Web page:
996: A Portable Paradise

996: A Portable Paradise

996: A Portable Paradise


I’m Major Jackson and this is The Slowdown.

Walking down Commercial Street in Provincetown, I ran into a poet friend. She was licking an ice cream cone; which was a delight. Who doesn’t love running into a friend in a resort town with its tourists and cottages awash in light? I was quite young, just starting out, at last comfortable with even calling myself a poet. And here was someone whose poetry was instructive. Yet more her presence bespoke decorum and order. I admired her firm take on things, her presumed authority. She seemed to affect a seriousness about poetry, one that I wished for myself.

Near MacMillan’s Pier, we exchanged some words about a mutual friend, then she asked:

“Have you read his latest book?”

“I hadn’t.” I said, “What do you make of it?”

After a moment of pondering, she proclaimed, “I’m less interested in poems of paradise, yet infinitely intrigued by poems that chart our journey out of hell.” She was speaking metaphorically, of course. By this time, the ice cream was dripping down her hand.

Her fascinating dichotomy conveyed a tension about poetry written today. If a poet does not address some personal strife, achieve social relevance, or convey political urgency, then somehow their poems fail to capture our attention. Some believe a hierarchy of subject matter exists in art, and that success as a poet — wide readership, prizes, and recognition — is contingent upon how close one hews to the drama of existence, rather than its serenity.

Though young and thus impressionable, I did not readily agree. Back then, and still now, I welcome quiet, austere, and introspective poems. Love poems, praise poems, poems about nature, all push me closer to being alive in a register of experience that may seem uncomplicated on the surface, but are immensely dramatic below.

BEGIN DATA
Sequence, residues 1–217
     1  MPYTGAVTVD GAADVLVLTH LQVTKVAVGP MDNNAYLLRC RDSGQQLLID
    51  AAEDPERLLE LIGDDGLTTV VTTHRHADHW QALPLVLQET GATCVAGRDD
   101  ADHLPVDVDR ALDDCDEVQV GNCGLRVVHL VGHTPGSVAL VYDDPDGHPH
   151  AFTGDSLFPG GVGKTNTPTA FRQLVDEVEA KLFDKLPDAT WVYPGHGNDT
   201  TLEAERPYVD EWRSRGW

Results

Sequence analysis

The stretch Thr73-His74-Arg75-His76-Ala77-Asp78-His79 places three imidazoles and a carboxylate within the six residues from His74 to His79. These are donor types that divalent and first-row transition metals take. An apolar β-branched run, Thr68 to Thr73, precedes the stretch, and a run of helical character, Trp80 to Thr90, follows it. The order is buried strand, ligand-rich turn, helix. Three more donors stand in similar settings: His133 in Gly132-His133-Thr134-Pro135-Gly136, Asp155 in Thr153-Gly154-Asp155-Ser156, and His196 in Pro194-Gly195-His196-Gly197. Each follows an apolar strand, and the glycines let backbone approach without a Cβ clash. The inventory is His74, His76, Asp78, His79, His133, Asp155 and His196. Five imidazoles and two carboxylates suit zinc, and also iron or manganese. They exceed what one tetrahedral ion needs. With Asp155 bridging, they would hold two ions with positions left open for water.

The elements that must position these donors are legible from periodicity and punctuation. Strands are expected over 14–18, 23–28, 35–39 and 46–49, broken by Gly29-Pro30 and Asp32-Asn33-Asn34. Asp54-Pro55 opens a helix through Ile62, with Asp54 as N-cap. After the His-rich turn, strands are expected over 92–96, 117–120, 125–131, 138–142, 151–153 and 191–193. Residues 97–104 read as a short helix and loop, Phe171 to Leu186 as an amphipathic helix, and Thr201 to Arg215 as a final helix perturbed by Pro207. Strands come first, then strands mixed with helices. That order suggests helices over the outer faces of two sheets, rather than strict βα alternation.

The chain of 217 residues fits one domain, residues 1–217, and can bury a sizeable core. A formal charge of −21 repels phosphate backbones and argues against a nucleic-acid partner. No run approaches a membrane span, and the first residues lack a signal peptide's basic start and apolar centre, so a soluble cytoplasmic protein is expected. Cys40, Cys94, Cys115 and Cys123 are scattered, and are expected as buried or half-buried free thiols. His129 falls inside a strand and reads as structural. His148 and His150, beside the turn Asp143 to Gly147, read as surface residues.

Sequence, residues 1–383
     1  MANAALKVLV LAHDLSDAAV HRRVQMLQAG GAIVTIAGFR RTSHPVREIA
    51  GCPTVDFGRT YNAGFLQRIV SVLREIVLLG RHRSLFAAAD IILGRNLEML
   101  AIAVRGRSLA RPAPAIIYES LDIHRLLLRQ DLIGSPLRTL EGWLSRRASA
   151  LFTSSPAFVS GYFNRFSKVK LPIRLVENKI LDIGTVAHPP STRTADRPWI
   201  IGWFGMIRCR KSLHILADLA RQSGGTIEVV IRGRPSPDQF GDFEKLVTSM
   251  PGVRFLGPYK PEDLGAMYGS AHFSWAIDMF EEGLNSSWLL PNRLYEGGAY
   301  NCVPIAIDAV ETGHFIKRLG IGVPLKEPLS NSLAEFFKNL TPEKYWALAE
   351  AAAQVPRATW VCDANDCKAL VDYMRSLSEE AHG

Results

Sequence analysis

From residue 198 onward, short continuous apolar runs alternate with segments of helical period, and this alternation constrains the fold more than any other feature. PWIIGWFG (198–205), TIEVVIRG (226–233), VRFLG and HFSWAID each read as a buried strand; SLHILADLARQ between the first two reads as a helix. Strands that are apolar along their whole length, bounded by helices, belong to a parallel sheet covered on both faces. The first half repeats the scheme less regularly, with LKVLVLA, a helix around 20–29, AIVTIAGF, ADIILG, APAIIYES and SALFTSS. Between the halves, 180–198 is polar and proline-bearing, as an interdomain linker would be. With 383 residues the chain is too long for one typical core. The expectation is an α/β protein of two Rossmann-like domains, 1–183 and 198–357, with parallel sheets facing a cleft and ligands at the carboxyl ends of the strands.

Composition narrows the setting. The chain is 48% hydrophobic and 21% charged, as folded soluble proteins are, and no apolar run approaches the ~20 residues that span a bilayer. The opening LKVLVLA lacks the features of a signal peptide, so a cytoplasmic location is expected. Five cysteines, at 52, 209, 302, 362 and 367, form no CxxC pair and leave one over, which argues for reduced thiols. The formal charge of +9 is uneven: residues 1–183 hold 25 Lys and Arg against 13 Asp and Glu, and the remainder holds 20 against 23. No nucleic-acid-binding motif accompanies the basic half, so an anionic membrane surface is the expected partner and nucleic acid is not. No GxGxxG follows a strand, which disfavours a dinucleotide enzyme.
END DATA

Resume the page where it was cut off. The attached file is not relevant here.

Plus, are we not allowing ourselves the radiance born from a life of happiness and contentment? As so much poetry reminds us, suffering is at the core of being human. Yes, we fumble along. We live a melancholic existence. Some of us protest, confess, and bring the news in our works.

Yet, today’s poem wisely announces that we should always keep that place which feels like heaven within sight. We should maintain an inner utopia, even if hidden from others. It, too, is worthy of mapping in literature.

A Portable Paradise
by Roger Robinson

And if I speak of Paradise,
then I’m speaking of my grandmother
who told me to carry it always
on my person, concealed, so 
no one else would know but me.
That way they can’t steal it, she’d say.
And if life puts you under pressure,
trace its ridges in your pocket,
smell its piney scent on your handkerchief,
hum its anthem under your breath. 
And if your stresses are sustained and daily,
get yourself to an empty room – be it hotel,
hostel or hovel – find a lamp
and empty your paradise onto a desk:
your white sands, green hills and fresh fish.
Shine the lamp on it like the fresh hope
of morning, and keep staring at it till you sleep.

“A Portable Paradise” by Roger Robinson from A PORTABLE PARADISE © 2019, Roger Robinson. Used by permission of Peepal Tree Press.